we're just gonna pick a coordinate out of 0, 1 all the way to d.

And we're gonna set W hat J equal to the W that minimizes.

I'm gonna write this as an omega, so

I'm gonna search over all possible values of

omega that minimizes g of w hat zero dot dot dot,

all the way to W hat j minus one, coma omega,

coma w hat at j plus one all the way up to w hat D.

We're here, these values,

everything with a hat on it are values from previous

iterations of this coordinate to send algorithm.

And our objective here, we're just minimizing over this J coordinate.

Sorry, these J's are pretty sloppy here.

Okay, so whatever omega value minimizes this joint objective,

plugging omega in, is gonna be what we set w hatch a equal to at this iteration,

and then were gonna keep cycling through until conversions.

So, let's look at a little illustration of this just in two dimension.

So, here it would just be W0, W1.

And we're gonna pick a dimension, so let's say,

we choose this optimizing the W1 dimension, keeping W0 fixed.

So I'm just gonna look at this slice, and what's the minimum along this slice?

Well the minimum occurs here,

if I look at the contours this is the minimum along this dimension, and

then what I'm gonna is I'm, in this case just gonna cycle through my coordinates.

I'm next gonna look at keeping W1 fixed and optimizing over W0, and

here was the minimum, I'm gonna drop down to the minimum which is here and

I'm gonna optimize over W1 holding W0 fixed to this value.

And I'm gonna keep taking these steps and

if I look at the path of coordinate descent,

it's gonna look like the following, where I get this axis aligned moves.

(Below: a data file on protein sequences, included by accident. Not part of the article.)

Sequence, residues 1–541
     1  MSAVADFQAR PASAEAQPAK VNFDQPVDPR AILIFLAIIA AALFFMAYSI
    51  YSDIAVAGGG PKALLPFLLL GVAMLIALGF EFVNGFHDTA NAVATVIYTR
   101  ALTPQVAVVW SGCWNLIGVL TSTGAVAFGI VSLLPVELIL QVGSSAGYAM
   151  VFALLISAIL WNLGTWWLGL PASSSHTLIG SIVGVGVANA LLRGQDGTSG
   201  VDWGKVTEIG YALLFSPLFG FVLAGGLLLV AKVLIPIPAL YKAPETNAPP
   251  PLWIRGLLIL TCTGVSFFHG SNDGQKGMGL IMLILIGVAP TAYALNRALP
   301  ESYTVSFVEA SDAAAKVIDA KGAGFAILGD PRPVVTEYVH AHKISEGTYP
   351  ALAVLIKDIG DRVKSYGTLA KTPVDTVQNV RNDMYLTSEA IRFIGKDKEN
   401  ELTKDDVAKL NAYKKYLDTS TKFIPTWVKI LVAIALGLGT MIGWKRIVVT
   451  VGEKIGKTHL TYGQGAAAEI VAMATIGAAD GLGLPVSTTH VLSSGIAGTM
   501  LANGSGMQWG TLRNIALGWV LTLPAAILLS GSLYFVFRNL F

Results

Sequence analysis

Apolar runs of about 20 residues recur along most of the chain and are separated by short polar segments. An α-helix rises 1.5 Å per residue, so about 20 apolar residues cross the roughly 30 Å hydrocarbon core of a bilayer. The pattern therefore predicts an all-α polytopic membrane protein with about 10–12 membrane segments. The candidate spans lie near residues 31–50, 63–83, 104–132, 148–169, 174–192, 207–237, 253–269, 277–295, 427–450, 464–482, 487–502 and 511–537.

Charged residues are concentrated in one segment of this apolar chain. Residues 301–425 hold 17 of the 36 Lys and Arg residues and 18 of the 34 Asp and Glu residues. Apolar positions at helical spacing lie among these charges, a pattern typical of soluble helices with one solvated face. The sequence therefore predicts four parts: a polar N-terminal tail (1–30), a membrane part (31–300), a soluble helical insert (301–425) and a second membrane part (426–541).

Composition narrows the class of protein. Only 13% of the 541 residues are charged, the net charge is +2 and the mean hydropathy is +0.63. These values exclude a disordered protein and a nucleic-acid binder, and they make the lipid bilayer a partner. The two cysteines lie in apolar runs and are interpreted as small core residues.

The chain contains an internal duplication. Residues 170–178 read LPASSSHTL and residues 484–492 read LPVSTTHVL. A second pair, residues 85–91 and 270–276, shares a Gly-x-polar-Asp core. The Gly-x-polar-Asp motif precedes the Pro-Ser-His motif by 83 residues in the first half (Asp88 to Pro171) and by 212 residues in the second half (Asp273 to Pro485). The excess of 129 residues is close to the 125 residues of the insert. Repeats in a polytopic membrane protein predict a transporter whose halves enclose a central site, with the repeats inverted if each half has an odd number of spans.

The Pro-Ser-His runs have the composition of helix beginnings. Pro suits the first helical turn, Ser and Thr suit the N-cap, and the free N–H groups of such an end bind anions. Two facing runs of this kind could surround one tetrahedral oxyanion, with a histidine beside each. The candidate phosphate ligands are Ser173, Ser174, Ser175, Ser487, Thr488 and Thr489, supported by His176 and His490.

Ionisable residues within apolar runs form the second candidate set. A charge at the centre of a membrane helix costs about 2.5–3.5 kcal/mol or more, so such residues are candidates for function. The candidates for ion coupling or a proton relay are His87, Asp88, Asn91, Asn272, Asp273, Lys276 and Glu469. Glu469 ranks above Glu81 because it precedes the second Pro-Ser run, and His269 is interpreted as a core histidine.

So how are we gonna pick which coordinate to optimize next?

Well there are a couple choices.

One is to just choose coordinates randomly.

This is called either random or stochastic coordinate descent.

Another option is round robin, where I just cycle through, zero, one,

two, three, all the way up to D and then cycle through again.

And there are other choices you can make as well.

And, I want to make a few comments about coordinate descent.

The first is, it's really important to note that there is

no stepsize that we're using in this algorithm.

So, that's in contrast to gradient descent,

where we have to choose our stepsize or stepsize schedule.

And hopefully, in the practice that you've had,

you've seen the importance of carefully choosing that step size.

So it's nice not having to choose that parameter.

And this algorithm is really useful in many, many problems.

And you can show that this coordinate descent algorithm converges for

searching objective functions.

One example of this is, if the objective is strongly convexed, and

we talked about strongly convexed functions before.

Another example is, for lasso which is very important and

that's why we're talking about using coordinate descent for lasso.

We're not gonna go through proof of convergence in this case, but

know that it does indeed converge.

[MUSIC]